The result: this stuff is TASTY... if you are a fan of GINGER. Which I AM.

Sunday, January 25, 2009

Awesome snack to get you through the peanut butter crisis.

Surely you've all heard that processed peanut butter snacks are out due to salmonella. Way to go, industrial food complex! But that doesn't mean you can't have peanut butter at all--the jarred stuff, they say, remains safe and delicious. So here's something I made last night from a veganized and healthified (well, healthier) recipe found on Recipezaar.

-2 tbsp. ground flaxseeds
-3 tbsp. water
-1/3 c. canola oil
-1/2 c. sugar
-1 tbsp. molasses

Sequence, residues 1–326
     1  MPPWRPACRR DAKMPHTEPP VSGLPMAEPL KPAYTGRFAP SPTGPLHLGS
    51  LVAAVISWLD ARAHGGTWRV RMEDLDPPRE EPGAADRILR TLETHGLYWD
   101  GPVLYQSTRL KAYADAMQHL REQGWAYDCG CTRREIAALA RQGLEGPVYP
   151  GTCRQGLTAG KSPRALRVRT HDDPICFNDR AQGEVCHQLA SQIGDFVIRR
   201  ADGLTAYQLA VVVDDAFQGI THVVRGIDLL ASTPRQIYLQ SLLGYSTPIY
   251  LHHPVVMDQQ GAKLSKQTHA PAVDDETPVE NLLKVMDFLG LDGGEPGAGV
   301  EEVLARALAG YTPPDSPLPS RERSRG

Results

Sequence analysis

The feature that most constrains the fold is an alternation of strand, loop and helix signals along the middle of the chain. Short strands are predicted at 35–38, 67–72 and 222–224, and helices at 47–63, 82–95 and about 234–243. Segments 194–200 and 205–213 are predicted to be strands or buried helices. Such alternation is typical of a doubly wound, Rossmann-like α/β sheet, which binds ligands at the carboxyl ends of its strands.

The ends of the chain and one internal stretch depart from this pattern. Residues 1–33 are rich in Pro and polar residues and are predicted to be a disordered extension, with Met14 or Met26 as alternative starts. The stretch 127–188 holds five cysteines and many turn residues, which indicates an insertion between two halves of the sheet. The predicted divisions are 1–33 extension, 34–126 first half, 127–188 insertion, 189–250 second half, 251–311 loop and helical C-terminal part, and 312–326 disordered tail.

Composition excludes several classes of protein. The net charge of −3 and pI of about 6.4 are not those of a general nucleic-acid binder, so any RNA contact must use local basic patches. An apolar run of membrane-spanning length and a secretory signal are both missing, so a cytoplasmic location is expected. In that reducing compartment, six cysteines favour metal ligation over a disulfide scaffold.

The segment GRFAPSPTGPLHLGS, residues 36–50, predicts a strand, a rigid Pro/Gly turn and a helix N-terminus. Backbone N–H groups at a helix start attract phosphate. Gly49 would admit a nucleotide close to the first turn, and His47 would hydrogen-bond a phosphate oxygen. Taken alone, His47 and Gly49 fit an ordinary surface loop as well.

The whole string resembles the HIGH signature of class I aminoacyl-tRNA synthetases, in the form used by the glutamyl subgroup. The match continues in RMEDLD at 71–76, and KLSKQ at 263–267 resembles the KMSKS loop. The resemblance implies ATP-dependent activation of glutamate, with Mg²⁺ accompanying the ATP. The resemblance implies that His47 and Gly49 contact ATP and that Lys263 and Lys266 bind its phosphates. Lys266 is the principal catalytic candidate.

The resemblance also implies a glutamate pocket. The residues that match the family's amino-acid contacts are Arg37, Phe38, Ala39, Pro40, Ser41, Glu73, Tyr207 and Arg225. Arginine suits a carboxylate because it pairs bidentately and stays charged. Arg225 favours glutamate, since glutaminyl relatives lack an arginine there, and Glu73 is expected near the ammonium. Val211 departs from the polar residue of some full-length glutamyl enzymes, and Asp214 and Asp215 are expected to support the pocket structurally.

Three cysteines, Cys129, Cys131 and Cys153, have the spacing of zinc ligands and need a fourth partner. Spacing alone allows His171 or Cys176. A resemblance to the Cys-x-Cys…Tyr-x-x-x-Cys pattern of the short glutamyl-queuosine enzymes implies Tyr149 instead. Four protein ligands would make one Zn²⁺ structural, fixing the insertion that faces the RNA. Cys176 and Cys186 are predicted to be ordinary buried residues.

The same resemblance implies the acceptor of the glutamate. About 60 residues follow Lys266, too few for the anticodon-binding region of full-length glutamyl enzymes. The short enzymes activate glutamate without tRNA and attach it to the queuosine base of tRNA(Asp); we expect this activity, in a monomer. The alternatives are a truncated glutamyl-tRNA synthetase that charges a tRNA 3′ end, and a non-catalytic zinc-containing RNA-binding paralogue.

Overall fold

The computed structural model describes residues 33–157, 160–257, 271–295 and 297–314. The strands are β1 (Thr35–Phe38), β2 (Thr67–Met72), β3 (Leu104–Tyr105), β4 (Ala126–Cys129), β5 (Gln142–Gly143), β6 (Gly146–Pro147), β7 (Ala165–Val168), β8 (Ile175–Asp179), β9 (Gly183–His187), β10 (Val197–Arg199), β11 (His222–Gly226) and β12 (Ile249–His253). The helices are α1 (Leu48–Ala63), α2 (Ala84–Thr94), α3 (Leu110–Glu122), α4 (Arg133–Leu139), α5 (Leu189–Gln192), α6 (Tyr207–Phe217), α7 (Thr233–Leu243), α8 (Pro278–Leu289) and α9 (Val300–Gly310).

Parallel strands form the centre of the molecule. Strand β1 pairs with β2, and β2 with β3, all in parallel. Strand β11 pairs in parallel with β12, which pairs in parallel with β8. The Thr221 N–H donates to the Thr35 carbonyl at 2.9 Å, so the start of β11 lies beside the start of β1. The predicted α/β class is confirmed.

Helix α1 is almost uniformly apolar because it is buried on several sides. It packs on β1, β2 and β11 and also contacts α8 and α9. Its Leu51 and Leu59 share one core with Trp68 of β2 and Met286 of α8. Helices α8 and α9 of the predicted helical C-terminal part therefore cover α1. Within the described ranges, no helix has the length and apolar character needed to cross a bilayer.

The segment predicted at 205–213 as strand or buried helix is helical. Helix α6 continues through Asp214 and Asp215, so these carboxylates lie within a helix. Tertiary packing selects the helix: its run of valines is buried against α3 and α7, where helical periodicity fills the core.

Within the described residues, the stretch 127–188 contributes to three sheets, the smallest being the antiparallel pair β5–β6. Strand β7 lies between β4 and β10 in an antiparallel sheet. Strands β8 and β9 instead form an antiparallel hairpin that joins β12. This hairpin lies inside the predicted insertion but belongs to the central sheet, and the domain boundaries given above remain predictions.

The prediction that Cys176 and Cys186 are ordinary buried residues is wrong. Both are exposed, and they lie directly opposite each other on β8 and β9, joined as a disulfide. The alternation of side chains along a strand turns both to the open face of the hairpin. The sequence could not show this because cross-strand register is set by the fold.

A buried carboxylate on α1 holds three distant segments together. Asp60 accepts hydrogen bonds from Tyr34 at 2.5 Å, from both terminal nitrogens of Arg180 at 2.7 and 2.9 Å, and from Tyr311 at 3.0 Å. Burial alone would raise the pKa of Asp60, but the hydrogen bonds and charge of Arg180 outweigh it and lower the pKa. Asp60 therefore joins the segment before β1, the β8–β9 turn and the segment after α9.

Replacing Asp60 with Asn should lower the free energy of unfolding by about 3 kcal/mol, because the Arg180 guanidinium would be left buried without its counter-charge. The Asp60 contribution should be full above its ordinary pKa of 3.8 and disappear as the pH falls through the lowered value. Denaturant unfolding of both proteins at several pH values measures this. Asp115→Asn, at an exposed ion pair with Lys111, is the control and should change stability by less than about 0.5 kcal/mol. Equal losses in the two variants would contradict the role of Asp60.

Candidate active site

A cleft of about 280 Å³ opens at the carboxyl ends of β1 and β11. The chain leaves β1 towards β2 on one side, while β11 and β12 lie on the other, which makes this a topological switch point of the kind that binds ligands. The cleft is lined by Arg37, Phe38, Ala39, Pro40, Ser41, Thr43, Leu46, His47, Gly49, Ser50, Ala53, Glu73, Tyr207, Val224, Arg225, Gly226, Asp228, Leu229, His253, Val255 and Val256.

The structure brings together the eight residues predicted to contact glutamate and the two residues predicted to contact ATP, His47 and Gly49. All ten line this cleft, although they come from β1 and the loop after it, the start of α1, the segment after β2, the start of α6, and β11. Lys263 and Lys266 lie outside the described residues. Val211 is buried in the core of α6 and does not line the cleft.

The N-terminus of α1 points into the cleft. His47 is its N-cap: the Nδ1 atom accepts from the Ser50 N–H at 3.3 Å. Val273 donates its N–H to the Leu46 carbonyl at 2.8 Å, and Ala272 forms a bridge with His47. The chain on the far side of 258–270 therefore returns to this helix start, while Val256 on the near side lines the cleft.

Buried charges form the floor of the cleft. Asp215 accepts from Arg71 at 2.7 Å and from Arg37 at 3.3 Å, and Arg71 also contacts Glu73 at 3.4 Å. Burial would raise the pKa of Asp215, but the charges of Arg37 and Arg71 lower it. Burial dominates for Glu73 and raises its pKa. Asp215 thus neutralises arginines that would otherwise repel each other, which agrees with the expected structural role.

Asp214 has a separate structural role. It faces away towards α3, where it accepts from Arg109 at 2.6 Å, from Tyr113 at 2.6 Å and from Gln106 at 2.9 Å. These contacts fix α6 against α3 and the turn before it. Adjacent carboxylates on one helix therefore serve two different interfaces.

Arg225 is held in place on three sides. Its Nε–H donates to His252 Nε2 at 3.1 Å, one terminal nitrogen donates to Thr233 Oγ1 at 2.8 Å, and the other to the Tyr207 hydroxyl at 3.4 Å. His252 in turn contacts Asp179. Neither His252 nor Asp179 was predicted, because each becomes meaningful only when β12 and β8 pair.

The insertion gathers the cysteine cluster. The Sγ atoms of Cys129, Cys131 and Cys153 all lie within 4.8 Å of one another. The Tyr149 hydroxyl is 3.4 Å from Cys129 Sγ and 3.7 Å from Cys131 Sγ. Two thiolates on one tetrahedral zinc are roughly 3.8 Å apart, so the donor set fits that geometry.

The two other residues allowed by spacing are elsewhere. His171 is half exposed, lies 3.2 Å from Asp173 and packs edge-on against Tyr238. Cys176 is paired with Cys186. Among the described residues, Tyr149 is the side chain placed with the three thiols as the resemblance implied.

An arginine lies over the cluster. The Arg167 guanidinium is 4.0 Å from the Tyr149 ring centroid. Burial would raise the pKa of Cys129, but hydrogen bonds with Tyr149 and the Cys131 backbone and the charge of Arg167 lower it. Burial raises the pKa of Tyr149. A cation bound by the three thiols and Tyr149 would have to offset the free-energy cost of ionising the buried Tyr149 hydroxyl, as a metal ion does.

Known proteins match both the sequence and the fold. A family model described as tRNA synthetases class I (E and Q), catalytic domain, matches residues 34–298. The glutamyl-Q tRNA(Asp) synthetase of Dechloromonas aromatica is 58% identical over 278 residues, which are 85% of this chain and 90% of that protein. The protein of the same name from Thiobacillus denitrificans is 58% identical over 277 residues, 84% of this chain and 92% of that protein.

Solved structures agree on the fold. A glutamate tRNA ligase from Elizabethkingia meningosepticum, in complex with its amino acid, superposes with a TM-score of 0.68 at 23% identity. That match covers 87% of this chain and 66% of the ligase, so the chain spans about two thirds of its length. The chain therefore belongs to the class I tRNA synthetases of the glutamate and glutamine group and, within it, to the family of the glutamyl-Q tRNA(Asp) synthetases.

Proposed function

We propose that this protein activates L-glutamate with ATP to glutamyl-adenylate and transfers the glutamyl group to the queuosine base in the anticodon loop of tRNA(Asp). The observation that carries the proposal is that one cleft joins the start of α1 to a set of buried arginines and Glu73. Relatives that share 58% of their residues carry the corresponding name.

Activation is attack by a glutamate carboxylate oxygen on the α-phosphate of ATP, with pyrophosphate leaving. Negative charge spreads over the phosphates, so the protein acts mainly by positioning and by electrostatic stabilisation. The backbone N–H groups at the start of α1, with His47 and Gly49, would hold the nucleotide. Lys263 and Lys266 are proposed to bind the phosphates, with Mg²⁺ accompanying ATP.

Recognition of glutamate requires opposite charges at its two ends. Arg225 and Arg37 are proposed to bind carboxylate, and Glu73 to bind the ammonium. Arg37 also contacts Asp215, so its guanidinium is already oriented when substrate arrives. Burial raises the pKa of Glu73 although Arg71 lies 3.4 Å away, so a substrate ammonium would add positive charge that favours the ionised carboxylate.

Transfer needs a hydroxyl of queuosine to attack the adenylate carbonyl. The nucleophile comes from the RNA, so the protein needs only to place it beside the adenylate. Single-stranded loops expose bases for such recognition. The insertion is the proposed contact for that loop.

-1/3 c. natural crunchy peanut butter
-1/2 tsp. vanilla
-1 c. rolled oats
-1 c. whole wheat pastry flour
-1/2 tsp. baking powder
-1/4 tsp. salt

In a small bowl, whisk together the flaxseeds and water, then set aside. In a large bowl, mix oil, sugar, and molasses until smooth. Mix in the flaxseed mixture, then peanut butter and vanilla. Stir until smooth (besides peanut chunks!). Add the rest of the ingredients (oats, flour, baking powder, salt) and mix until a thick dough forms. Spread the dough into a small, lightly greased pan (8-9" round, pie plate, 8" square) and bake at 350 degrees F for 25 minutes. Allow to cool completely before serving.

You won't miss those peanut butter Clif bars.

And yeah, maybe someday I'll actually blog again.